Wildlife Disturbance: Why Now and Why Does It Matter?

Wildlife sightings and photographs can evoke a sense of wonder and delight, educate, and lead to a life-long love of nature and commitment to conservation. However, more and more we are encountering wildlife disturbance when visiting local parks, and we are hearing similar experiences from others. Just as more littering occurs in an area that Read More

long-tailed duck, winter ducks, lake ontario, toronto

Junior Naturalists – Winter Ducks event

The open waters of Lake Ontario and the Toronto shoreline  are a ‘vacation destination’ for many of our Boreal and Arctic nesting waterfowl. We get to see ducks in winter that aren’t here at other times of the year! Come join us at Colonel Sam Smith Park from 10:00 am till 12:00 pm on Saturday, Read More

Magwood Park wetland

Fight for Nature – Fight Bill 23

Long-standing safeguards for natural heritage in southern Ontario, and especially the Greenbelt, are about to be swept away by Bill 23, an omnibus bill being rushed through by Doug Ford’s government at Queen’s Park. Introduced on October 25, Bill 23 is devastating in its scope and disregard for the environment, and has already passed second Read More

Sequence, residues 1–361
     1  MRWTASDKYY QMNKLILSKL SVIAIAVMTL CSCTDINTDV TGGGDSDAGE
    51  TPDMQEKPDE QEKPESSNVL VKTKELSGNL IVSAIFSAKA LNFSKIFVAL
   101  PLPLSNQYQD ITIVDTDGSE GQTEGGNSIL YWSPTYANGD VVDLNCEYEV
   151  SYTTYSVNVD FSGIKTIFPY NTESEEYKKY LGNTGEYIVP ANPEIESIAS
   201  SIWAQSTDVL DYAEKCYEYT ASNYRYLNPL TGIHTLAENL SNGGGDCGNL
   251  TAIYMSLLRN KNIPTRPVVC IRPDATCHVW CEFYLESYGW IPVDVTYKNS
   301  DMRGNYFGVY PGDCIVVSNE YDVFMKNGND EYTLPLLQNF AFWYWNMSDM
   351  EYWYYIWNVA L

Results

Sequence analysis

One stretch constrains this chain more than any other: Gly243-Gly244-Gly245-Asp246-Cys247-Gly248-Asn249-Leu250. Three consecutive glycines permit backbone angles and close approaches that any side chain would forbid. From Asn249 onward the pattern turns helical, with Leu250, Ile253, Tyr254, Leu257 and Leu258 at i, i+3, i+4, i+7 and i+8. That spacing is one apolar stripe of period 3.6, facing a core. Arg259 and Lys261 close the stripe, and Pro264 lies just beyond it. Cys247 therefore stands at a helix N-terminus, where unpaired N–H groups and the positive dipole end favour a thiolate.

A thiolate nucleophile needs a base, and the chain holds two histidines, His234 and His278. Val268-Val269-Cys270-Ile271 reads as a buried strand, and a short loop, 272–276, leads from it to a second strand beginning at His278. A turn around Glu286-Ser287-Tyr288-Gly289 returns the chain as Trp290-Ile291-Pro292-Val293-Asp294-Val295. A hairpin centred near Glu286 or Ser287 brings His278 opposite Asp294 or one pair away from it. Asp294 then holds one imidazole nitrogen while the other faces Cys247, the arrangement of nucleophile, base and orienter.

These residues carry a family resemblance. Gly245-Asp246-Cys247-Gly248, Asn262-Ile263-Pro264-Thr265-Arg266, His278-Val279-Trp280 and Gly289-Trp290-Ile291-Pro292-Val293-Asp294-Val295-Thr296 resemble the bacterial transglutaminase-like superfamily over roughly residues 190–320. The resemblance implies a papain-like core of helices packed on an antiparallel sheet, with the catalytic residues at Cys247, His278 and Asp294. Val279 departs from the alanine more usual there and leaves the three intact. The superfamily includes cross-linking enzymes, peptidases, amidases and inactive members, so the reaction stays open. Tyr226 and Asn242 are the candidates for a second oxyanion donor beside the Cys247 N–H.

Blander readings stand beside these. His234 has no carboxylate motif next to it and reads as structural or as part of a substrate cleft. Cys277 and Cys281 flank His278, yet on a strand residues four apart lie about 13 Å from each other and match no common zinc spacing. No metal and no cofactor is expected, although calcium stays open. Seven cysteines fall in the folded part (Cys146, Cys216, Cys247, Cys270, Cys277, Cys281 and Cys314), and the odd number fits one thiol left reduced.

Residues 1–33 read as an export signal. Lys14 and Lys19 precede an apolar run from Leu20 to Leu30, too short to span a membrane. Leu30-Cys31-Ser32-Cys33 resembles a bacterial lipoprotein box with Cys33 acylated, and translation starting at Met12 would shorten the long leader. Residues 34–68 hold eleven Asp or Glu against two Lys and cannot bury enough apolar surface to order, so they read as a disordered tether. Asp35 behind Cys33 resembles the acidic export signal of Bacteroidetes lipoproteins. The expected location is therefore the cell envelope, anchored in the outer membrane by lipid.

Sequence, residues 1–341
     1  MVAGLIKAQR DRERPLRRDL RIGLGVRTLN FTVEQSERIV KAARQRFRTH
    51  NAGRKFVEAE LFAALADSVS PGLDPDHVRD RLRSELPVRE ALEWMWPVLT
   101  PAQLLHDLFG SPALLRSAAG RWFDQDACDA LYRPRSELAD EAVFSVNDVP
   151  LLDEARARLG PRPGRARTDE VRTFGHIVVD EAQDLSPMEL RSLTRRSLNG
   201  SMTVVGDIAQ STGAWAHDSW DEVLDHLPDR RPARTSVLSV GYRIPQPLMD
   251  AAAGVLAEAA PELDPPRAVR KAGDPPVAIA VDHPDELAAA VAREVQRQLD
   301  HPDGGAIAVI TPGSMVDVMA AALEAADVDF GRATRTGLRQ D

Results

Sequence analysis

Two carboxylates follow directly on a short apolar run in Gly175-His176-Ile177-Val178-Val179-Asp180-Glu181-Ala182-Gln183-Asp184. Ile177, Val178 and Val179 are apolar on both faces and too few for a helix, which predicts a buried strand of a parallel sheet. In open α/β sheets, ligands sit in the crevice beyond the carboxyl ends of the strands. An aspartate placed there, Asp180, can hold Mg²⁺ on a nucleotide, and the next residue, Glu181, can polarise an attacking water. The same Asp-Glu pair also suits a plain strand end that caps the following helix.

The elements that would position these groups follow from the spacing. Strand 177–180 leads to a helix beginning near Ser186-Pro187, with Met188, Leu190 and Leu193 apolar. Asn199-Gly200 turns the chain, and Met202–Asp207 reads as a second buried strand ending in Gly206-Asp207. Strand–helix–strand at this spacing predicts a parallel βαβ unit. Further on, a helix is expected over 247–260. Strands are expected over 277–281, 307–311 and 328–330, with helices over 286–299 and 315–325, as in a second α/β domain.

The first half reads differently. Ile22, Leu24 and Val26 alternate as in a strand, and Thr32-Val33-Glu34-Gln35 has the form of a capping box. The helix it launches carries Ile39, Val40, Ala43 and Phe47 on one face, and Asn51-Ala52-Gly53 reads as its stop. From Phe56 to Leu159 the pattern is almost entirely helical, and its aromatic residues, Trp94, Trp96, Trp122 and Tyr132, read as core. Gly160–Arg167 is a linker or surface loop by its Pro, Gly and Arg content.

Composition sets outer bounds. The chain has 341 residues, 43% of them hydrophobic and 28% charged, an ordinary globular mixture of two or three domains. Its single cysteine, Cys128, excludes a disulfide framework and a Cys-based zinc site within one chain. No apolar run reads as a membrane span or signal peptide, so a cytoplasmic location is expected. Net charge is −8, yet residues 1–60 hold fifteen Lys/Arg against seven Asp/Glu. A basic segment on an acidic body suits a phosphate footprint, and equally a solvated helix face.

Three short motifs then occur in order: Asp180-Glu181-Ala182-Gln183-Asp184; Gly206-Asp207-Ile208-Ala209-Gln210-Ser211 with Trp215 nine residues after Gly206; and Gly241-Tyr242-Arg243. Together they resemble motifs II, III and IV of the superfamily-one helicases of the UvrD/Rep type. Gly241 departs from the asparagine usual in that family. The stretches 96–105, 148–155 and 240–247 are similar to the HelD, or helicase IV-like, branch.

Walks update

Happy Summer! We are happy to announce that our walks program will become more like what it was pre-pandemic. Starting in July registration will no longer be required for our walks. Members will be able to bring guests again. We ask that each member bring only one guest on a walk. Our public walks will Read More

Signs of Spring photo challenge

We have established a photography group and it has been off to a great start with 23 members joining so far. If you have an interest in nature and photography, please join us by sending an email to photography@torontofieldnaturalists.org. Currently the group is meeting monthly via zoom with a plan to do in person outings Read More

The Toronto Field Naturalists wish to acknowledge this land through which we walk. For thousands of years it has been the traditional land of the Wendat, the Seneca, and most recently, the Mississauga of the Credit River. Today it is still the home to many Indigenous people from across Turtle Island and we are grateful to have the opportunity to be on this land.